“I thought I had freedom of speech?”
“You don’t, you just lost it”
Police claim man’s First Amendment suspended for legally filmingMikael Thalen
February 25, 2014
A young man in Maryland reportedly “lost” his First Amendment right Sunday while attempting to film a police encounter.
In cellphone footage uploaded to Vimeo, a large group of police thought to be from the Baltimore County Police Department can be seen arresting two people as a massive crowd watches from the sidewalk. As the video’s author quietly films, one officer spots the camera and immediately approaches.
“Get out of my face,” the officer bizarrely says after walking up to the camera.
Despite being surrounded by countless people, the cameraman is specifically singled out as more police approach and begin demanding he leave the area.
“Get the hell out of here!” a second officer says. “You diverted my attention!”
Attempting to assert his Constitutional right, the cameraman is suddenly assaulted as the second officer begins pushing him down the street.
As the cameraman walks away from the scene, a group of officers continue to follow, clearly upset that they are still being legally filmed.
Another officer corners the cameraman and begins to threaten him with jail time, refusing to point out any illegal activity or crime committed.
“We’re not f*cking around, do you understand?” the officer says. “Walk away and shut your f*cking mouth or you’re going to jail.”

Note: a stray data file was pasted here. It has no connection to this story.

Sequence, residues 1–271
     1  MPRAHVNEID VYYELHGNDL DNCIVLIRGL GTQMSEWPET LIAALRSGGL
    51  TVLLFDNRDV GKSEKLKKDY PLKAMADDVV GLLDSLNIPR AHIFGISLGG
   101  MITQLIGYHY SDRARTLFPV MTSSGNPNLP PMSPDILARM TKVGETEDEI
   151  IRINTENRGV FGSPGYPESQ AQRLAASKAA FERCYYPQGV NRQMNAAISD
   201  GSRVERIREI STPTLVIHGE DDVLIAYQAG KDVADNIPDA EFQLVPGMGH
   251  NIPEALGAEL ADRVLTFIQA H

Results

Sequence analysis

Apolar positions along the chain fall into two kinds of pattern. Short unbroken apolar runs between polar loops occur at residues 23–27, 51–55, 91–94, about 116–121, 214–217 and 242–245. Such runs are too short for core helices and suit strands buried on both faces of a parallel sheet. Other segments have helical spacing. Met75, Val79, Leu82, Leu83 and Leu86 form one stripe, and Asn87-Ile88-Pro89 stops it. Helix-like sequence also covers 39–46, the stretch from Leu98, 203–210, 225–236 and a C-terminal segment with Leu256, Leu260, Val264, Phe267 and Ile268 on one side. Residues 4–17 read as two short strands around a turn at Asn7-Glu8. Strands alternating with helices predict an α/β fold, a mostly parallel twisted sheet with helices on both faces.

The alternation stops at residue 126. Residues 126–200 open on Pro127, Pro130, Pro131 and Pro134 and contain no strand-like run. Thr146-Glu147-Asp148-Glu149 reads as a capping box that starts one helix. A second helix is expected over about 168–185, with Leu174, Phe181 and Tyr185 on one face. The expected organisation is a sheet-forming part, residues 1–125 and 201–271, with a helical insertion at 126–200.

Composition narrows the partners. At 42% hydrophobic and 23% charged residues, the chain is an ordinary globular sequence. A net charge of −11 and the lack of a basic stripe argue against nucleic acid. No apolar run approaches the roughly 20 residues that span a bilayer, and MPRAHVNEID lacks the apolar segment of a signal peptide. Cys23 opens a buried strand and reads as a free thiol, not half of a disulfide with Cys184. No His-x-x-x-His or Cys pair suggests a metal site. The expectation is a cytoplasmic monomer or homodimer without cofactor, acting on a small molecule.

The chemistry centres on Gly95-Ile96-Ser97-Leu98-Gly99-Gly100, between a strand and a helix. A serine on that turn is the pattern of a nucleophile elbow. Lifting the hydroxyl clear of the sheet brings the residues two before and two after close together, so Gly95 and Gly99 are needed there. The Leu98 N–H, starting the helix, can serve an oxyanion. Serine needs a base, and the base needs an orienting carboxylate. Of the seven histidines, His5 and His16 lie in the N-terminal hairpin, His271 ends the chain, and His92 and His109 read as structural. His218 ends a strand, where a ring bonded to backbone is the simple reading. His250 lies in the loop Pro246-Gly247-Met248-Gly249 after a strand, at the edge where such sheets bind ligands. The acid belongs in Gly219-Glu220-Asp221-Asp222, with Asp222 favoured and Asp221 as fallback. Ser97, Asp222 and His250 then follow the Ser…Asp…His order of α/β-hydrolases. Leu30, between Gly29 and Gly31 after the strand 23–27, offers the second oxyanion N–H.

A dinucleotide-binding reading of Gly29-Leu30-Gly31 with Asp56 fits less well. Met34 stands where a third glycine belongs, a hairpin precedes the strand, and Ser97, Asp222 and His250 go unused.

Again attempting to find out what crime he has committed, the cameraman’s arm is suddenly twisted behind his back as the enraged officer continues his threats.
“I thought I had freedom of speech?” the cameraman asks.
“You don’t, you just lost it,” the officer states.
Although the Supreme Court has continued to uphold the right to film police, First Amendment violations seem to be on the increase as cameras become more commonplace.
Just last week, a Florida woman was assaulted by police for trying to record her own traffic stop. Despite an officer claiming her actions were illegal, her charges were quickly dropped after spending the night in jail.
The week prior, a New York man was harassed and assaulted by police for filming from 30 feet away. Although officers attempted to delete the man’s footage, their police report was soon found to be false after the encounter was retrieved from the phone.
As some police become increasingly hostile to the First Amendment, others set the example by defending it. In 2012, Sheriff Stan Lenic became an internet sensation after refusing to detain activists legally filming at New York’s Albany International Airport.